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A Turn That Went a Long Way: Remembering Michael Novak

Any adequate account of the swirling currents in Catholic intellectual life during the decades following the Sixties and Vatican II—think names like Wills, Greeley, Berrigan, Ruether, Hesburgh, Buckley—would have to give a major place to Michael Novak, who died at age eighty-three on February 17.

Novak was a frequent contributor to Commonweal from the late 1950s to the middle ’70s. In these pages and in the National Catholic ReporterTimemagazine, and elsewhere, he was a skillful exponent of the work of Vatican II and a passionate champion of the radicalism arising from campus opposition to the war in Vietnam.

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Michael Novak, Friend of Economic Freedom

The news of Michael Novak’s death Feb. 17 saddened close friends and colleagues in the community of think tank scholars who drew so much from his writings and lectures.

Novak’s perspectives expanded our conceptual grasp of economic liberty beyond dry formulas to include a more complete picture of the creative, human, and virtuous nature of entrepreneurship.

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Michael Novak, Noted Theologian, Philosopher and Author Was 83

Michael Novak, a Catholic philosopher, theologian and author who was highly regarded for his religious scholarship and intellectual independence, died Feb. 17 at home in Washington, D.C. He was 83.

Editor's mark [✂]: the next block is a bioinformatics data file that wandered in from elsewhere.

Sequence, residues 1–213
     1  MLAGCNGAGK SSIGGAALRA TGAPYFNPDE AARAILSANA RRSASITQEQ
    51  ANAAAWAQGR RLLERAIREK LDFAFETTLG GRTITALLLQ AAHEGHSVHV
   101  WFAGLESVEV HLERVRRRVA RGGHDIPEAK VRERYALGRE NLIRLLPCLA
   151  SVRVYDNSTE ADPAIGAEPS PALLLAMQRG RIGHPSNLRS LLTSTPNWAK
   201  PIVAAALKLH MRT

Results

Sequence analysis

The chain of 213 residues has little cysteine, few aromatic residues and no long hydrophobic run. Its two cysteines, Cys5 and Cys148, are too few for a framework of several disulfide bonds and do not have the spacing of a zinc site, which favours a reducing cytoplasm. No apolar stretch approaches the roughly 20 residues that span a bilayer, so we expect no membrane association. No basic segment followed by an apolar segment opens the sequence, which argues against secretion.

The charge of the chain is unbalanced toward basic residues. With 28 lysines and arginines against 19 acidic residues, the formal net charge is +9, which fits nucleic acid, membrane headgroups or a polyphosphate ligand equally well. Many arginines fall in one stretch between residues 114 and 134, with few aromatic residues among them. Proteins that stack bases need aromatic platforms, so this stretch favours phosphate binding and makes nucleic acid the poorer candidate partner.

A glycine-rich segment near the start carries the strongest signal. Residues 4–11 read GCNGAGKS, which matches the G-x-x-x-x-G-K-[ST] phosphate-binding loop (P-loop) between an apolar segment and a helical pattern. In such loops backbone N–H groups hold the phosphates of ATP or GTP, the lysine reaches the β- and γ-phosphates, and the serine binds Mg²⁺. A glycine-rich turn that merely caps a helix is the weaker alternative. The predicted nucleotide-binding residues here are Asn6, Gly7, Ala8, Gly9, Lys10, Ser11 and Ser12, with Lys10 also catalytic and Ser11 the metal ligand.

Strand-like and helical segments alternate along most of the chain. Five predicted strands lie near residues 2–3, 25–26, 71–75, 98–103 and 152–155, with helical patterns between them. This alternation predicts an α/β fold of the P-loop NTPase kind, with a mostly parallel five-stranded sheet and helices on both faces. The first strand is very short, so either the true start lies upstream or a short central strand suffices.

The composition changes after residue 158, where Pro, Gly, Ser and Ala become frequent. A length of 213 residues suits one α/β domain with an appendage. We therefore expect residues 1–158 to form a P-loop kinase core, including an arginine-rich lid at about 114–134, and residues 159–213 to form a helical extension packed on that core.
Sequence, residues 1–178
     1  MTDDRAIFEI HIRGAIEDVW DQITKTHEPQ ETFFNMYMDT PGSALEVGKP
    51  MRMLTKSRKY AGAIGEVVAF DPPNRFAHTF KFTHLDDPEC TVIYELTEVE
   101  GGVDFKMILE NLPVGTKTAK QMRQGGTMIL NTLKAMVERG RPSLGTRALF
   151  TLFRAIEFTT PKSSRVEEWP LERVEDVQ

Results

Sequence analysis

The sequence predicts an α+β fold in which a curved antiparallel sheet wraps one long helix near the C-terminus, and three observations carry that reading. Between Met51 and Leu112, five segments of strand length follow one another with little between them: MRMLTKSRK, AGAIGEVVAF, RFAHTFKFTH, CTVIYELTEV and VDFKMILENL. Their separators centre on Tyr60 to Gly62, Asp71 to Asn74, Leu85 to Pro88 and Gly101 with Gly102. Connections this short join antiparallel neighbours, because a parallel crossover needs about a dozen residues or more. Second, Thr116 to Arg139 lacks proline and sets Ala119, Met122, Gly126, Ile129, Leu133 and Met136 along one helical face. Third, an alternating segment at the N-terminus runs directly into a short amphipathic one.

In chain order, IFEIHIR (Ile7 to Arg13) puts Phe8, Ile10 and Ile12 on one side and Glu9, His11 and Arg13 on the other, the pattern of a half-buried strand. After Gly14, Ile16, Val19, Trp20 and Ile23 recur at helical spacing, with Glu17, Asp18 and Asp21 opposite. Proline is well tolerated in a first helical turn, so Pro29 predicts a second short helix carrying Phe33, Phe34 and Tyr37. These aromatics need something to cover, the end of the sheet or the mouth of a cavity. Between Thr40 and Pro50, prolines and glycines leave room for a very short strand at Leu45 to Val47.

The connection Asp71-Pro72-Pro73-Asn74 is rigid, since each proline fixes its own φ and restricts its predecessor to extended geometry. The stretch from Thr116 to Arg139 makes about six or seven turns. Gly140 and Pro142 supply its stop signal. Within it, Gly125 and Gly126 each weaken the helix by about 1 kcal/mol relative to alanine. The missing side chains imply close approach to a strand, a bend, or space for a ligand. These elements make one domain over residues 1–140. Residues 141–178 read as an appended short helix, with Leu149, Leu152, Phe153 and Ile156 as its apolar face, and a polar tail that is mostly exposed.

His daughter Jana Novak told The Washington Post the cause of death was complications from colon cancer.

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How Michael Novak changed my life, and yours

In the late 1970s I underwent two conversions: the first was reading myself out of the left wing politics in which I had been active. The second, not unrelated, was to return to the practice of the Catholic faith.

I say these transformations were related because I found that the more I saw the basis of a free society was predicated on free human action in the economy, the more I found myself thinking about the nature of the human person, his transcendence, and his dignity, and hence my return to the faith of my youth.

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Michael Novak: The Most Influential Slovak in the World

Michael's friends, among them many Slovaks who influence during his visits, his struggle with cancer for several months, watched with concern. In November, he was diagnosed with a tumor on colon. He underwent surgery and chemotherapy. But the disease has apparently spread further than it seemed at the beginning. Last week, his daughter Jana published on fejsbuk devastating news: "We hope that we can get him out of the hospital soon, so that we can start at home with hospice care during the last days." On Friday, finally, came the news of his departure. He died in peace, surrounded by family.

Who was Michael Novak? And why would it be to know Slovakia?